Not since Shaq has the Orlando Magic made the back page. The latest take on the DeVos family basketball team comes from the Orlando Sentinel, saying a decision to sell the team may come within 24 months.
Rich DeVos, during speeches in recent months in Grand Rapids, has made no secret of his, umm, disappointment with the business and philanthropic community in Orlando, especially compared to the public/private partnerships that have fueled so much building in the downtown. He often points to those partnerships as unique to Grand Rapids. At issue in Orlando is a new arena for the Magic, to replace a 16-year-old facility. The Orlando Sentinel reports (or purports) that the knock out on such a deal in Florida has been the want of a new arena “paid mostly by the public, through a bed tax, butting heads with the tourism industry” (and it suggests the Magic don’t deserve a new arena, based on its league-worst 21-61 record for the last season).
The Sentinel quotes “the son-in-law of billionaire Rich DeVos” as saying that a new $250 million arena that provides revenue-producing amenities is key to keeping the Magic in Orlando, or allow it to be pirated by cities with blueprints for new arenas. Apparently Bob Vander Weide, Magic president, is heading into round two with the philanthropic community to reassert the Grand Rapids story of economic dominoes. He also says the family isn’t interested in keeping the Magic if the team is moved.
Is that why wife, Cheryl De Vos Vander Weide, is rumored to be house hunting in GR?
- More numbers: In last year’s GRBJ ranking of Area Health Science Programs,
was by far the largest of Grand Valley State University West Michigan’s health education providers, with 2,344 students to Baker College of Muskegon’s 830.
Baker had seen a significant increase in enrollment last year, with only 601 health science students in 2001. Grand Rapids Community College had experienced a similar growth spurt, jumping from 499 students in 2001 to 712 in 2002. Both schools were still far behind the much larger GVSU program.
This year, however, the GVSU lead is significantly less.
With only 1,057 health science students enrolled in 2003, GVSU apparently lost over half of its health science students in only a year’s time.
But upon further investigation, there was no Laker exodus.
In 2003, enrollment was tallied by the office of P. Douglas Kindschi, GVSU dean of science and mathematics.
This year, the GVSU marketing department provided the results.
According to Carol Bale, GVSU advertising and identity manager, the enrollment for 2002 was actually 1,019 — representing a small growth rather than a massive loss.
“I don’t know what they could have counted that we didn’t,” Bale said. “And the only person who would know that is on sabbatical right now.”
The final number on both surveys was achieved through combining the enrollments of the College of Nursing, Department of Biomedical Science and College of Health Professions.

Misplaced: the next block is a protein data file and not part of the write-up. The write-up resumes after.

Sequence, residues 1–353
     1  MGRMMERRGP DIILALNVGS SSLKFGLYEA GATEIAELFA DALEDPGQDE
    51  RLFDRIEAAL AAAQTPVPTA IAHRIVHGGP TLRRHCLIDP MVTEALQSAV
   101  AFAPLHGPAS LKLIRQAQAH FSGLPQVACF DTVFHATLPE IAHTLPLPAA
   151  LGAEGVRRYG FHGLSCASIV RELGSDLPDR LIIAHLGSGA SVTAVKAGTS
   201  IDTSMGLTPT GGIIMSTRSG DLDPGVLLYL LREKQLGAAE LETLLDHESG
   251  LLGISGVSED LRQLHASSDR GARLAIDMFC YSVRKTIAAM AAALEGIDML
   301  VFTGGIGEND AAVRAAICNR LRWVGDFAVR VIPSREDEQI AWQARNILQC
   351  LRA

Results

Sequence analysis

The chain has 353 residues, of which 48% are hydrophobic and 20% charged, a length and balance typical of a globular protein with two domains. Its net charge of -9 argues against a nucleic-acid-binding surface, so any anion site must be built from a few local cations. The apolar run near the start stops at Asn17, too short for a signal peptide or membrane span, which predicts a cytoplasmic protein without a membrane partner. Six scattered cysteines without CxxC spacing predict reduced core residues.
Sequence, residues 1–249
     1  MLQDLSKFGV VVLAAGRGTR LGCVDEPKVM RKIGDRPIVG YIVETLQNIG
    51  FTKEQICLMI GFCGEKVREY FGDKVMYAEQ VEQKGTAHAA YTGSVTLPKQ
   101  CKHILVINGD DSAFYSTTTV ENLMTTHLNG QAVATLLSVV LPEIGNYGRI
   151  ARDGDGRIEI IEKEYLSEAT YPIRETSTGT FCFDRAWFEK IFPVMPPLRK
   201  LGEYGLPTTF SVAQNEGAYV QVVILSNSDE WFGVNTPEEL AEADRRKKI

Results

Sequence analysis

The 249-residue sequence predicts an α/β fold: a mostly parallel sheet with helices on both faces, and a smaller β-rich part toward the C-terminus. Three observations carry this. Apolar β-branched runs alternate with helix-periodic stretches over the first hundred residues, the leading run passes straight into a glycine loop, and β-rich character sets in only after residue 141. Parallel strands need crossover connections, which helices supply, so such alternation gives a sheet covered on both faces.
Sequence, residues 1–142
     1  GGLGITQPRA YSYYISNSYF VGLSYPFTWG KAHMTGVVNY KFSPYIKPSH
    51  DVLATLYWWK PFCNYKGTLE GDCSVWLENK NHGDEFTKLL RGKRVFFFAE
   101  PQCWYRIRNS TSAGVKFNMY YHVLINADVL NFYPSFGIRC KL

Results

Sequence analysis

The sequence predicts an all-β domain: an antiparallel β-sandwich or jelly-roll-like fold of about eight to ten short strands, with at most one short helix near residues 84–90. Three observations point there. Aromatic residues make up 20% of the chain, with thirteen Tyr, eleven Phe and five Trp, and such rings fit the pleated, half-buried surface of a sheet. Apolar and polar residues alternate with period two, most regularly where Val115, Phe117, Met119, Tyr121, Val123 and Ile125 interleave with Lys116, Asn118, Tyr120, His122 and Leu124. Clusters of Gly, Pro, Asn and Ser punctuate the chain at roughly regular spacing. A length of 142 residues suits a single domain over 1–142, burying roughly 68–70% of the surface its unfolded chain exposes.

- Sister publication Grand Rapids Magazine’s 19th Annual Comedy Joke Off set some new highs and some new lows last Wednesday with a packed house at The Stack in American Seating Park.
The highest of the highs came in a Joke Off record $10,000 raised for the benefit of Indian Trails Camp, eclipsing last year’s $8,100 donation.
As for the lows … well, it was definitely “an uncensored night of comedy.”
WOOD TV-8’s Terri DeBoer, TV wife to Joke Off emcee Brian Sterling, delivered shock and awe with some creative use of a microphone stand that won’t be seen any time soon on the morning weather report.
After explaining how much she liked appearing in public “because everyone always says how much prettier, younger and thinner I look in person,” DeBoer told a story of how difficult it can be for local media personalities to sample the newest flavor of vodka — or the newest 16.
“I was walking around with this vodka in my cart,” she explained. “And I kept hearing, ‘Well, that’s why she never gets the weather right.’”
Independent judges from the Coffee Dunkers of America, Grand Rapids Chapter awarded the meteorologist runner-up honors, while last year’s winner, Grand Rapids Magazine’s own “Metro Male” columnist Dwight Hamilton defended his crown.
A late addition to the line-up, Business Journal contributor Mike Marn took home third place with a routine aimed almost entirely at downtown Grand Rapids.
“Everyone’s wondering what they’re going to put up where that City Centre parking ramp used to be,” Marn said. “I’d think it’d be obvious, the thing is right across the street from the police station — it’s going to be a three-story donut shop.”
Marn also poked fun at gun-wielding, bow-tie wearing jewelry store owner Randall Dice, putting the epic story of the Herkner’s Jewelers’ cowboy to music. Marn’s prototype bullet hole bumper stickers also were a hit.
Skyview Traffic’s Kevin Richards and WMFN AM 640’s John “The Hoss” Perry also participated in the competition.
If only Perry, also of WZZM “13 On your Sidelines,” were to cover high school sports in the same character as his stand-up.
“Three guys walk into a bar,” to paraphrase one Perry joke. “The @#$% from #$%^ on the *&^% went to the #$% and #$$^ the @#$@. Then, #^% a #$$% very %$#ing #$%^ — $%^#, @#$%, and #@$%. Oh, @#$#.”
National touring comedian and Grand Rapids native David Dyer closed out the show as headliner with some reflections on his hometown, including not-fit-for-print insights into the Michigan accent and Grand Rapids’ weather ball.
“You guys still have On Target Weather right?” Dyer asked a group from WZZM. “Do you guys ever hit the freaking target? There have got to be arrows all over the place.”
Dr. Grins regular Joe Schmoel was also on the bill.